Who’s that language (for you)?

TrollGroupIn my life, languages are characters, with different roles and personalities. I’m sure that this reflects my particular experiences with each of them more than anything else, but it is how I perceive them.

What’s English to me? A smart and funny colleague, though unfortunately a bit self-obsessed. German is a close pal, Spanish a kind and valued neighbour. Dutch is my lover, Limburgish my Mum. French and I largely ignore one another, as if we never met. With all others – half-forgotten, known only by sight or complete strangers – I am on nodding terms at best.

How is this for you? I would love to know your associations and connotations with the languages you speak, or have tried to learn. Are they characters, as they are for me? Colours perhaps? Tools, tastes, textures? Or perhaps you have no idea what I’m talking about – that too would be interesting to know.

I’m looking forward to hearing from you! I will publish the answers I receive in a new blogpost. If you understand Dutch (or don’t mind reading a machine translation), you can find more answers here.

6 thoughts on “Who’s that language (for you)?

  1. I love this post; I’m glad there are others who feel the same way about languages. To me, Chinese is a kind grandparent who’s sometimes hard to understand, Taiwanese a funny friend, Russian my mother, Polish my first love, Spanish the friend who shows me everything I did not know about the world. Japanese is a celebrity crush, Korean a kind acquaintance, German someone intimidating I’d really like to get to know better, and French a long-time neighbor I have not spoken much to. I do not have an association for English. Perhaps within these associations, I am English.

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  2. Russian is an ocean to me — no limits, no end in sight — an absolute immensity both in width (inherent expressive tools of the language) and in depth (bottomless vocabulary). Polish means elegance and politeness. Ukrainian is made to sing it.

    Yiddish (which calls itself ‘màme-lošn’ — ‘Mom’s language’) and Belarusian taste home, bread, warm milk and fireplace — so sweet and cozy.

    Baltic languages are my distant relatives, but Lithuanian lives in a countryside, he is a farmer and loves to sing; and Latvian lives in a town, he is a school teacher and he loves to preach.

    Flemish Dutch tastes comfort and tranquility. And easiness too — the only Germanic language (along with Yiddish, though) that you pronounce as if you were speaking Italian: no effort, no tension, just speak naturally as you breathe or swim. NL-Dutch seems a parody of the clear Flemish Dutch (sorry, Gaston) — why do you twist the word “uitgegroeid” so that I can’t recognise any single sound and ask to write it down? 🙂 Luxembourgish may seem a joke, but it isn’t. And it’s cool when you get used to it: http://kobzar.be/audio/luxemb_lang-lekzioun.mp3

    German is an impregnable citadel I can’t seize. German means hopelessness.

    Persian (Fārsi) is Italian written in Arabic script, but with a thick layer of sugar above. Italian itself is a non-stop aria. Sometimes I think that Italian should be declared the official language of the humanity because of its universality and softness.

    Hebrew and Arabic are professional soldiers: they march keeping step, they can only turn 90°. Alternatively, I compare them to the Periodic Table with the same degree of sturdiness and absolutism.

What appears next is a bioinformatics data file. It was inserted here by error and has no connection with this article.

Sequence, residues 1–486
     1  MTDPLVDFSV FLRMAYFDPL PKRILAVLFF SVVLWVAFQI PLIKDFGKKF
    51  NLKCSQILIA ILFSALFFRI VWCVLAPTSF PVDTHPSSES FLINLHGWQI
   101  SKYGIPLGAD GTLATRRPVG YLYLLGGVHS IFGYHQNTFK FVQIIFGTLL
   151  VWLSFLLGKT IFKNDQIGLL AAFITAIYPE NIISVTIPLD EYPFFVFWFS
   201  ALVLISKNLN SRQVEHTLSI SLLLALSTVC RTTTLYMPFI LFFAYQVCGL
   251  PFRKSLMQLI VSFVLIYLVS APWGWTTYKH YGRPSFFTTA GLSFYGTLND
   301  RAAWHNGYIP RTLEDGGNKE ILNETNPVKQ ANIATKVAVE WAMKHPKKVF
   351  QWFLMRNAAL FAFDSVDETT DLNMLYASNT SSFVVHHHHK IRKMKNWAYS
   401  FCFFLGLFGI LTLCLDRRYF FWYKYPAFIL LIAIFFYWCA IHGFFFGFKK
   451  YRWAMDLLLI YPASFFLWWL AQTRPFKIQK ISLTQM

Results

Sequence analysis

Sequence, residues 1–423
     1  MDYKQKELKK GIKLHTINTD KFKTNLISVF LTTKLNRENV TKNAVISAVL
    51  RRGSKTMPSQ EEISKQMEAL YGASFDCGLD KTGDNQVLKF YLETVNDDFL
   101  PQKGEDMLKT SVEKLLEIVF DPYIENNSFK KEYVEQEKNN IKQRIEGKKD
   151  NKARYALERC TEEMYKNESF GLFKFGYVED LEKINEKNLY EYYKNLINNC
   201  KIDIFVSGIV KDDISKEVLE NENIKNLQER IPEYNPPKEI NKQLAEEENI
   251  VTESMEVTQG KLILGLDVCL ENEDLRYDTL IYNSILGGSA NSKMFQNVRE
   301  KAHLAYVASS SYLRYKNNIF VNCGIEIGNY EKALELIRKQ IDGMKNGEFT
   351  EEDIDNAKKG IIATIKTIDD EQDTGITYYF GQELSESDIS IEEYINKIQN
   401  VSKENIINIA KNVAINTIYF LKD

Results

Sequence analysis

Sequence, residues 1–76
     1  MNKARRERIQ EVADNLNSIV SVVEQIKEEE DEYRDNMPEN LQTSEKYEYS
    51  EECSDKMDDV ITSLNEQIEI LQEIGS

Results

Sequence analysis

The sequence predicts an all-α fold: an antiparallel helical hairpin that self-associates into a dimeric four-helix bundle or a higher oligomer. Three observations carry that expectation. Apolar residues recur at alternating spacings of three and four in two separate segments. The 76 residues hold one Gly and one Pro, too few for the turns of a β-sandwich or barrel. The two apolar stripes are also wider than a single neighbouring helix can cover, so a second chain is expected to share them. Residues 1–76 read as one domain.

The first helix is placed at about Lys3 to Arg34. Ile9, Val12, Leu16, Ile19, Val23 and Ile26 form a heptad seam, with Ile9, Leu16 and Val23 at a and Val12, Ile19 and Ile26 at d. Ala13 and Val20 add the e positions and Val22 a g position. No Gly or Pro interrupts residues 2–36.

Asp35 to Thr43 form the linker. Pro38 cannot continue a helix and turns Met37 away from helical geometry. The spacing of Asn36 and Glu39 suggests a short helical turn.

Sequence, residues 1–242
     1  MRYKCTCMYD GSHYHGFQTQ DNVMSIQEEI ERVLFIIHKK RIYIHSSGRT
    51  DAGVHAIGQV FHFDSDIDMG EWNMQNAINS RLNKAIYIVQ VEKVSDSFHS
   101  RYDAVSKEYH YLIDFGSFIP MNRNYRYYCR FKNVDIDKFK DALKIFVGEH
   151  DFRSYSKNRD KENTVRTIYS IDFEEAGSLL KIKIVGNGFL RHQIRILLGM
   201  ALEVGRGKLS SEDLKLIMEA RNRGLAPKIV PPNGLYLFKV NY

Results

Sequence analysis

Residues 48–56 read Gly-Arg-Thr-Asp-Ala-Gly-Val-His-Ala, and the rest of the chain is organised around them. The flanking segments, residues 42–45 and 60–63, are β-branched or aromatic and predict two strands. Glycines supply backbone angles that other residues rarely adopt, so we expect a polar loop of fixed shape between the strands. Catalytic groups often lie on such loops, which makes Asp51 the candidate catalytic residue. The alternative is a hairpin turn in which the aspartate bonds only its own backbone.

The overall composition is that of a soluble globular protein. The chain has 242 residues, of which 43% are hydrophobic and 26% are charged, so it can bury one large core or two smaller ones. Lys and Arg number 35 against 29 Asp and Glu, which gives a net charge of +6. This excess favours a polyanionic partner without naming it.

Serbo-Croatian is a time machine: I feel like travelling to the original proto-Slavic language 12 centuries back in time. And guys — you have won the Pan-Slavic competition of romanisation: your gajevica is the best variant. Another high five is for the full equivalency between Latin and Cyrillic systems — bravo for having harmonised the two worlds.

    Bulgarian/Macedonian means paradox: you guys gave us a big part of the vocabulary and you can’t even decline nouns and adjectives?! Having cases is great, bring them back, you will appreciate!

    Hungarian doesn’t belong to our galaxy. Is it a language after all or is it just a chaotic sum of random sounds and characters?

    European Spanish looks like the Prodigal Son of the Romance family. European Portuguese is so weird that you finish by loving it.

    What colour is French? I consider French as the default language that everybody should speak. It is so habitual, so commonplace, obvious and omnipresent that it became colourless for me. I forgot how French was.

    English is Latin for me — the ultimate lingua franca (in case they unexpectedly don’t speak French). A language of science, computer interface, business, Wikipedia, web pages, manuals and reference books. Best choice if you want to be clear, precise and swift. Best fit to communicate with an air controller; probably not a best fit to make a declaration of love. I don’t know how English is. It is, that’s all, so thank you very much.

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  3. To me, my Italian language is like a musically gifted mother; the ancient Latin and Greek I learnt at school and I still fondly remember are one a wise, reassuring Grandfather, the other his elder, less familiar brother.
    English is a friend, an amusing, ever interesting friend, while French is my mother’s elegant cousin: I visit her every now and then. As for German, he is a serious, complicated uncle, one I didn’t really get to to know. Spanish is that funny neighbour who always makes me laugh because he reminds me of my Venetian dialect!
    FZ –

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  4. Italian is my warm and comfy slippers, English my functional and trusty everyday tool, French my romantic love, German my nemesis, Spanish a distant cousin, Japanese an inscrutable and unapproachable stranger, and Russian a passing acquaintance I wish I could get to know better.
    Anna R,

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